My colleague John Allen's interview with Archbishop Charles Chaput is fascinating in several regards. As Allen notes, God bless Chaput for giving voice to what others are thinking but reluctant to say.
The most important thing Chaput said about Pope Francis was this:
This is already true for the right wing of the church. They generally have not been really happy about his election, from what I've been able to read and understand. He'll have to care for them, too, so it will be interesting to see how all this works out in the long run.
Setting aside the fact that I do not recall Archbishop Chaput voicing the expectation that Popes John Paul II or Benedict XVI would have to care for those mostly on the left who were "not really happy" about their elections, I wonder what Archbishop Chaput has been reading and what he has been trying to understand? What, in short, makes the right wing of the church so unhappy with this new pope?
The central, overarching theme of the pontificates of Pope John Paul II and Pope Benedict XVI was the new evangelization, an effort to reignite an appreciation among the Catholic faithful for the core tenets of the faith and, with that, a renewed sense of missionary zeal for Western cultures that have grown "forgetful of God," as Benedict used to say. Both popes had much to say on this topic, but it seems Pope Francis is the one who is actually walking the new evangelization walk.
Pastors around the world are reporting increased levels of Mass attendance and more frequent reception of the sacrament of reconciliation. Is this not what conservative Catholics have been calling for these past few decades?
There are numerous reports from Brazil this week, man- and woman-on-the-street interviews with people, especially young people, who were previously alienated from the church but are now giving her a second look. All of them cite something Pope Francis said or did as the reason for their renewed interest. (Kudos to my old friend Miguel Marquez at CNN for a wonderful story on the excitement Pope Francis is generating in Brazil.) Is not this renewed interest in the church precisely what the new evangelization aimed to achieve?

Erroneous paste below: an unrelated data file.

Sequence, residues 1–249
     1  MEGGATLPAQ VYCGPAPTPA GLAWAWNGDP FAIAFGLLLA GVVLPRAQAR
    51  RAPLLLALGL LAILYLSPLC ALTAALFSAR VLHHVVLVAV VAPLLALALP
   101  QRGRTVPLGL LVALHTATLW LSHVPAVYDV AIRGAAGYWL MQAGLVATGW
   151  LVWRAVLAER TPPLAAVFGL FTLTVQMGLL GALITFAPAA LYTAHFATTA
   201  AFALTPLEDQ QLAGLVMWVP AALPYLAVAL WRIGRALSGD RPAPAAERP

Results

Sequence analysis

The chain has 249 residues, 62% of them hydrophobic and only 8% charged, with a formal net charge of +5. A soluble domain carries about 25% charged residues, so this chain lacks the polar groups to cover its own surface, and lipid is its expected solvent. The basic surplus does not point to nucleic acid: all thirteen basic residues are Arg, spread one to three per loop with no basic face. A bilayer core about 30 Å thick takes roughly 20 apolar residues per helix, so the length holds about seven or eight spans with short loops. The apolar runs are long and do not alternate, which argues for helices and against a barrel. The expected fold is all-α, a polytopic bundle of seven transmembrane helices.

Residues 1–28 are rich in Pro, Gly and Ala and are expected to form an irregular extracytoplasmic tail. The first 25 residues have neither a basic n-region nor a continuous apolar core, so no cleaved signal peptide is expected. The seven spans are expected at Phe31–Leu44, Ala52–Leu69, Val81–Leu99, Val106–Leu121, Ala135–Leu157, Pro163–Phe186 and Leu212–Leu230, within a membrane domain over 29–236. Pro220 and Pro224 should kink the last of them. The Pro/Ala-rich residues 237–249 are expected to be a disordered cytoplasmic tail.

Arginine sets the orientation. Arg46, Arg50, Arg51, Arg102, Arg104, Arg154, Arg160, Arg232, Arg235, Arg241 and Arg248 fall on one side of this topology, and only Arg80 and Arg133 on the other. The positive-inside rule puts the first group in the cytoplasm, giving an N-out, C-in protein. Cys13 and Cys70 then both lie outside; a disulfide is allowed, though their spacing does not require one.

Why, then, would conservative Catholics be so upset? If what they wanted all along is coming to fruition, why the long faces? The answer is simple, and Archbishop Chaput's guarded, even grudging, comments about Pope Francis point us to the reason: Pope Francis, within a matter of months, has destroyed the prevailing narratives about secularization and Catholic identity among Catholic conservatives, and he has done so without even trying.
Pope Francis does not speak about a "smaller, purer church." There is not a Jansenist bone in his body. He certainly calls, almost daily, for a purer church, for one filled with Christians who are energized by their faith, and he certainly encourages all Catholics to avoid the temptation to be "part-time Christians." But the purer church of which Francis speaks is not smaller; it is not an elite consisting of those who are rock solid against same-sex marriage. It is a church in which everyone is trying to become a better Christian, to focus more intensely on the Lord's promises, especially his promise of mercy. Francis does not focus on the sin of men; he focuses on the mercy of God. Consequently, his call to conversion of heart is encountered not as a chastisement, not as a finger-wagging exercise, but as an encouragement. It helps, too, that Pope Francis always includes himself and the clergy in this call to conversion.
Pope Francis does not present himself as a culture warrior, though some of his remarks about economic realities are quite trenchant. You cannot mistake him for a politician. He never speaks as if he just got off the phone with Professor Robert George or Mr. George Weigel and is parroting their talking points. Pope Francis seems to have internalized an observation made by Cardinal Francis George that, in order to evangelize a culture, you must first love that culture, an observation that Cardinal George wrote but has been unable to get his conservative intellectual friends to grasp.